So you’re telling me you think those Iron Man suits just make themselves? Or did you really think Robert Downey Jr was off camera tinkering with his tools and building them from scraps he found in his kitchen?
Well those suits are real indeed but there are some heroes of sorts behind the scenes responsible for building those Iron Man suits, and in fact all of the props you see in various Marvel movies like Captain America’s shield and Thor’s heavy hammer. And I had the opportunity to meet those prop masters during the Los Angeles premiere of the summer blockbuster Iron Man 3.
Along with 24 other bloggers we met Chris Swift, the on-set coordinator for Legacy Effects and Russell Bobbit, property master. Chris talked about the difficulty of refining the Iron man suit. Just like with anything you build the first time, you eventually learn to perfect it three movies later.
After the first Iron Man movie, Chris learned that building the Iron Man suit to fit Robert Downey Jr, would present a challenge. Mainly because Iron Man and the real man, Robert Downey Jr, don’t exactly meet eye to eye.
“They wanted it tall, and Robert doesn’t quite fit the bill. He’s just about my height. So he’s about ten inches too short,” Chris said.
“It took us about three months to work out the first prototype,” he said.
The height deficient presented somewhat of a problem so the legs of his suit in the first Iron Man were digitized from the waist down, he said.
Each time Chris and his crew made a suit there was a lesson to be learned.
“Every time we’ve done the suits we make them better; we figure out a problem. And then we see what the problem was on that one. That first one was a nightmare. And it was really heavy and it was hard to get into. And it killed the actors — the stunt guys trying to get into it. If we had to make it again today we could make it and we could make it a lot better and a lot easier and a lot simpler and a lot faster to get into. It’s just there was no real reason because they didn’t wanna pay for suits to fit Robert and then pay for more suits to fit a stunt guy that was tall enough.”
Chris said it made more sense just to make the suits all Robert’s size, especially because he was the man of the hour who would be wearing them the most. “It was clear he was the guy who needed to wear them ‘cause we know he’s gotta be in it. And then the rest of them we’ll just digitally add that in. And that just seemed to be a better way of doing it. That way they weren’t paying a lot of extra money for different sized suits.”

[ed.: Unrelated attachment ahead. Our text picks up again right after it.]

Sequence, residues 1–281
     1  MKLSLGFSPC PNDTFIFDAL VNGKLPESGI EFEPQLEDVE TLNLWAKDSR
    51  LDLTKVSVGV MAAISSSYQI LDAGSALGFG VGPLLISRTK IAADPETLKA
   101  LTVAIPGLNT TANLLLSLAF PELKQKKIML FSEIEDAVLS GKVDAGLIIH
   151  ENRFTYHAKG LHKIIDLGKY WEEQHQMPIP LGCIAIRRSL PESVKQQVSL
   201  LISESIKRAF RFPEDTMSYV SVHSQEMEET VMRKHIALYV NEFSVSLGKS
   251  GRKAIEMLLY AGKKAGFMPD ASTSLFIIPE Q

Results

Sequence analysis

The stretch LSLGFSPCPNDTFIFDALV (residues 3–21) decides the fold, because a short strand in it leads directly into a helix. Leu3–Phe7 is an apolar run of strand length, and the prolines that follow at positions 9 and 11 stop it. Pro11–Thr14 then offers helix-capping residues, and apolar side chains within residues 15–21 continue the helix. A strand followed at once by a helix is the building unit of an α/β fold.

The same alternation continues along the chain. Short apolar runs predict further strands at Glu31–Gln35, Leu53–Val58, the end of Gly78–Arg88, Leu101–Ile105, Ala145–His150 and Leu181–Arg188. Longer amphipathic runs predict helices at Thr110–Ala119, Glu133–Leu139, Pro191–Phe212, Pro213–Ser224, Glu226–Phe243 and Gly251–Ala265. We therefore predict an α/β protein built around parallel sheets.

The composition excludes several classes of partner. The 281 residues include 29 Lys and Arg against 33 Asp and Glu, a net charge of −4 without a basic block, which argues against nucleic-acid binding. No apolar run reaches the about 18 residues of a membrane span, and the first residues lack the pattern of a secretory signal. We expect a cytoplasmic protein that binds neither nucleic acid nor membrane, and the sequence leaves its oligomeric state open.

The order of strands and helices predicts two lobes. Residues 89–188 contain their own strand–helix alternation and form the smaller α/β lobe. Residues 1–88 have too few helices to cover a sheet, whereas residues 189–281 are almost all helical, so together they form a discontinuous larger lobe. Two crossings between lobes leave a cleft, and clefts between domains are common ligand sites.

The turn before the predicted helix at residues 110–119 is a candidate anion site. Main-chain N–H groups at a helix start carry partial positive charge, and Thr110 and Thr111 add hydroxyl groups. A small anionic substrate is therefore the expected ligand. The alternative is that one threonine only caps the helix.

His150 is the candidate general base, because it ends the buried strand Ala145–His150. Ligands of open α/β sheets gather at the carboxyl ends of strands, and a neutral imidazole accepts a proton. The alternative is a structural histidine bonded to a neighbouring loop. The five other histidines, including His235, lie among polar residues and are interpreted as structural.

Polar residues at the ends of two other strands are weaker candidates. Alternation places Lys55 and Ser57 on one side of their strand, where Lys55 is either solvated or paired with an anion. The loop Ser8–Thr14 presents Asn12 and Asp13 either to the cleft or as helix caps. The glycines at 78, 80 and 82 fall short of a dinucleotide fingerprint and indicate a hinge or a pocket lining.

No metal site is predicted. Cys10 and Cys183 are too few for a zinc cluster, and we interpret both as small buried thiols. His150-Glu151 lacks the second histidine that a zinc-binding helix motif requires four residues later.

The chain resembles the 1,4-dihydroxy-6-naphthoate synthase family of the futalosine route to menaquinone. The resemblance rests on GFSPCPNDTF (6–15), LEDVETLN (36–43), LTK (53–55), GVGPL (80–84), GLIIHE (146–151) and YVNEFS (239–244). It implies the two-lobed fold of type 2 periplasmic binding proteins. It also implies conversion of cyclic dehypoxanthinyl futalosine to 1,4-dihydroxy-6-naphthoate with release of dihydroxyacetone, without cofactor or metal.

Those learning pains made a difference when it came to Iron Man 3. There was a lot less time spent on building the Mark 42 suit.
“I would say we spent more time in the computer trying to figure out how to make it move and engineer it from the design then we did actually building it,” he said. Chris said he spent a good two months building it in the computer.
“And then once we started actually physically building them we worked all the problems out there. They went together pretty quick.”
From designing the computer prototype of the suit to fruition, Chris breaks down the process.
“We send that computer file out. And there’s machines that will actually take those pieces that we’ve engineered and built it. And they’ll actually cut them out. And we’ll — we’ll — they’ll come back with full finished pieces.
So then we have to take those, clean them up and make them all and go through the whole process. But — but they all fit together like a puzzle at that point. So if you’ve done your job right meaning me, then all those pieces should fit together really easy. And it should together like a little toy, you know what I’m saying? So that’s kind of the way it works.”
And as for getting Gwyneth Paltrow in an Iron Man suit, Chris said she actually put on Robert’s suit and was so giddy about it that they couldn’t get her out of it!
“It was funny ‘cause she just was the belle of the ball in the suit.”
RUSSELL BOBBITT PROP MASTER
Russell Bobbitt is a rare prop master. He makes many of the items that you see on the screen. When you watch “Iron Man 3” just know that many of the gadgets you see in there were made by Bobbitt. He’s not just a prop master, he’s Iron Man’s Alfred. (You know, the dude who helps Bat Man!) Bobbitt actually designs many of the iconic props that you see in all the “Iron Man” Marvel movies. Captain America’s shields are made by Bobbitt as well as Thor’s humongous hammer.
For Iron Man, Bobbitt made the Arc Reactor, the light that’s on Tony Stark’s chest.
“Since Iron Man 1 we made all those to fit. And his (RDJ) body has changed over the years as many of ours do. So we take a cast of his chest and we mold the piece right to his chest,” he said.
With special effects makeup glue, Bobbitt said he would glue the Arc Reactor onto Robert’s shaved chest so that it would stay on. And then by remote control he would turn the light on and off for each take.
“It runs on a little cell phone battery. And there’s ten minutes of life to that — that light that you’re seeing. And he (RDJ) certainly doesn’t appreciate it being torn off his chest to change the battery a whole lot,” he said. And for each film the design changed, he said.
Bobbitt said it’s surreal seeing all of his props played out on screen and he takes great pride being a master at his craft.
Disclosure: I attended an all-expense paid Iron Man 3 Premiere is Los Angeles by Disney. All opinions expressed are my own.